Initially an intriguing side-project to travel the world, recording the music from each location, and merging it all together into a strange mixture of different genres, Jamie Catto‘s 1 Giant Leap project has produced two truly fascinating albums.

Key moments

You may well remember the collaboration with Robbie Williams and Maxi Jazz, My Culture, or the follow-up Braided Hair.

Where to start

Start with the eponymous debut (2002) – in particular, The Way You Dream with Michael Stipe is an essential listen.

What to buy

That just leaves the second album What About Me? (2009), which is a little harder to get hold of. Copies are available on import. You could try the DVDs too, if you’re really feeling like something different.

Don’t bother with

The singles – they don’t add anything particular that you don’t have already.

Hidden treasure

All the treasure is on the two albums – they’re all you need.

For stowaways

1 Giant Leap – 1 Giant Leap

For me, the surprise hit of 2002 was 1 Giant Leap‘s debut album. Without warning, Jamie Catto, formerly of Faithless, and Duncan Bridgeman disappeared and travelled around the world, working variously with established western artists, stars of what I hesitatingly call “world music,” and less well known names, mixing together their vocals, instrumentation, atmosphere, and also (on the DVD, for this was also a “video album”) the visuals.

Being a mix of sounds from all over the world, it contains instruments and vocal styles that are almost totally alien to me, so I won’t try and describe the sound too much. But Dunya Salam, which opens the album, is gloriously atmospheric, with a deep synth sound, acoustic stylings, and what, if I had to guess, I would assume was a vocal from west Africa (having checked, Baaba Maal is indeed from Senegal).

The second track was also the first single, the brilliant My Culture, featuring vocals from Catto’s former band mate Maxi Jazz, and also Robbie Williams. The lyrics – particularly those delivered by Maxi Jazz – are typically expressive and evocative. With all the bits put together it somehow didn’t work too amazingly as a four minute pop song, but within the context of the album it works brilliantly.

“Only silence remains,” says the sample at the start of my favourite track The Way You Dream. The eastern stylings of the introduction gradually build over a few minutes into something very powerful. Without warning, it’s then Michael Stipe of R.E.M. who turns up to deliver the lead vocal.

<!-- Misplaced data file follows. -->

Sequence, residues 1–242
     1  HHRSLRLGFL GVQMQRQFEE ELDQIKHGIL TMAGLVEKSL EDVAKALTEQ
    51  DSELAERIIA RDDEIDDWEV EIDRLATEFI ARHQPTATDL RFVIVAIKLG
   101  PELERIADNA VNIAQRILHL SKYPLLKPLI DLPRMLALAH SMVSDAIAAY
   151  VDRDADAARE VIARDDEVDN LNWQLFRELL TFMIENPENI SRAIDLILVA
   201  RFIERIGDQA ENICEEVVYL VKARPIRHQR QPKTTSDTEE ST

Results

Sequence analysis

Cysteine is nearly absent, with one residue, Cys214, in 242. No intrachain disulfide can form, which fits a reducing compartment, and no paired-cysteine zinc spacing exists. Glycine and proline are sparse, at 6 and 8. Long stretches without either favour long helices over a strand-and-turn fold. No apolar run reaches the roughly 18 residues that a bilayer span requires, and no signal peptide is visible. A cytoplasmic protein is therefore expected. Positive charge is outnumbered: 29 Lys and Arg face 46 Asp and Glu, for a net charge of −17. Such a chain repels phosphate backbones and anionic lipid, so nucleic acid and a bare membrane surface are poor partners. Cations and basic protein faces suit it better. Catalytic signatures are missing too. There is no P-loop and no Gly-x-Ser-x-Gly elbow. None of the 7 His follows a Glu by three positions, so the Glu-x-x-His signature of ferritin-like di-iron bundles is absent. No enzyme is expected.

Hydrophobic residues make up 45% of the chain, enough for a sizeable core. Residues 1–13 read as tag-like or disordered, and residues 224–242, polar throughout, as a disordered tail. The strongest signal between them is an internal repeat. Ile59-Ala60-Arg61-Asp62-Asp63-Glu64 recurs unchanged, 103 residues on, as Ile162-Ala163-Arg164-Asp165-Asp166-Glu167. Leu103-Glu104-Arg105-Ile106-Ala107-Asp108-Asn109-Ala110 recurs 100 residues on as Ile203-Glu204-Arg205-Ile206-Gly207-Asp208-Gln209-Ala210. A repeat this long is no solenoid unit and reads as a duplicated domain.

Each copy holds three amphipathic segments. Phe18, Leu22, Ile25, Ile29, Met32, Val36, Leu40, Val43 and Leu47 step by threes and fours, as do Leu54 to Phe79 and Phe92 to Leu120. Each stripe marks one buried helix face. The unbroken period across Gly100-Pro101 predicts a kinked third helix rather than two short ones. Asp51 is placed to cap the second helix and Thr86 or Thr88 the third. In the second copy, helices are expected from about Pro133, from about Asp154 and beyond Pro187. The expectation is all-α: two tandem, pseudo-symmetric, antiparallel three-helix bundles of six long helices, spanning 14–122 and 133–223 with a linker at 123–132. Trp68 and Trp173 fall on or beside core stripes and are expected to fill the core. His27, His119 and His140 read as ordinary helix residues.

I’m not sure I ever really appreciated quite how good a vocalist Stipe is, and he’s in extremely good company on this album. Also performing on this track, for example, is Asha Bhosle, as in Brimful of Asha, the 1997 hit from Cornershop. And the many other things which I should feel ashamed for not knowing her for.

If I had one criticism, it’s that all the geographical cross-mixing can make the album can feel a little disjointed in places. In the context of the “one world” theme of the album, the jump to Ma’ Africa is entirely logical, but the African gospel-style vocals of The Mahotella Queens could come as a bit of a surprise if you weren’t expecting it.

Next up is the second single, the slightly more complete but less catchy Braided Hair, with vocals from Speech and Neneh Cherry from off of the 1990s, which leads into the Maori sound of Ta Moko, with its incredibly moving spoken word introduction. Before you know it this has seamlessly passed the baton onto Bushes to kick off the second half of the album, and Baaba Maal is back with us again.

This is an album which definitely works best listened to in one go, without ever using the skip button, and while everyone will find quieter moments within it, the seventy minutes of music comes together to form something quite exceptional.

Bushes is possibly the darkest track on the album, with sudden unexpected industrial samples and moments of feedback, but in no way is it out of place. Passion, with its tropical conch-shell style percussion and a vocal from Michael Franti is excellent too, as it builds into a huge percussive crescendo. Daphne is tucked away a little unfair towards the end where you might forget it, but is great too.

Of the later tracks, All Alone (On Eilean Shona) is my personal favourite. Eilean Shona, the tiny tidal island on a Scottish loch, with its population of two somehow seems an entirely apt place to set this song. The vocals are fantastic, and the rather unexpected African vocal which turns up half way through does nothing to detract from the deep Celtic atmosphere. We are all of the same tribe, no matter what our background.

Racing Away features a welcome lead vocal appearance from the fantastic Horace Andy, and then already we’re onto the final track Ghosts. The vocal this time is performed by Eddi Reader, and finally, softly, gently, the album comes to a close in beautiful fashion, evoking the ghosts that haunt all of us. Sorry, I’m not sure why I suddenly went all philosophical there.

If, like me, you enjoy a bit of “world music” mixed with electronics, you’re going to get a lot out of this album. There’s really very little to criticise on here – every track brings something, even if it just adds to the general atmosphere.

Incidentally, the review above is for the album, because over a decade later I still haven’t got round to buying the video version yet – if I ever do, you will be able to read about it here.